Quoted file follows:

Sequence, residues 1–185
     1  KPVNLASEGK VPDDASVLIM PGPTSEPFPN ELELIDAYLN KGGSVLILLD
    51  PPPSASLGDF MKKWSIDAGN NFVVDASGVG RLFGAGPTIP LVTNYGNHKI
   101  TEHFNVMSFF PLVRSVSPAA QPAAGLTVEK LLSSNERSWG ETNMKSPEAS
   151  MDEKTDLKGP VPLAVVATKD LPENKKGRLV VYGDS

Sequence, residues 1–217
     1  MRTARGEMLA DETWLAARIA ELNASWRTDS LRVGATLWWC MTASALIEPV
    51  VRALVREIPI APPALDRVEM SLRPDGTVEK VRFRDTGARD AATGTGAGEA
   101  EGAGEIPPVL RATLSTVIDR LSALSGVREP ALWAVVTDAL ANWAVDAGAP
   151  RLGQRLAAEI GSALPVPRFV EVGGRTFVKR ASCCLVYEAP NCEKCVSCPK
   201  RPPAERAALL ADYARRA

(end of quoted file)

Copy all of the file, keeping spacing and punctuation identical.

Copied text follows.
Sequence, residues 1–185
     1  KPVNLASEGK VPDDASVLIM PGPTSEPFPN ELELIDAYLN KGGSVLILLD
    51  PPPSASLGDF MKKWSIDAGN NFVVDASGVG RLFGAGPTIP LVTNYGNHKI
   101  TEHFNVMSFF PLVRSVSPAA QPAAGLTVEK LLSSNERSWG ETNMKSPEAS
   151  MDEKTDLKGP VPLAVVATKD LPENKKGRLV VYGDS

Sequence, residues 1–217
     1  MRTARGEMLA DETWLAARIA ELNASWRTDS LRVGATLWWC MTASALIEPV
    51  VRALVREIPI APPALDRVEM SLRPDGTVEK VRFRDTGARD AATGTGAGEA
   101  EGAGEIPPVL RATLSTVIDR LSALSGVREP ALWAVVTDAL ANWAVDAGAP
   151  RLGQRLAAEI GSALPVPRFV EVGGRTFVKR ASCCLVYEAP NCEKCVSCPK
   201  RPPAERAALL ADYARRA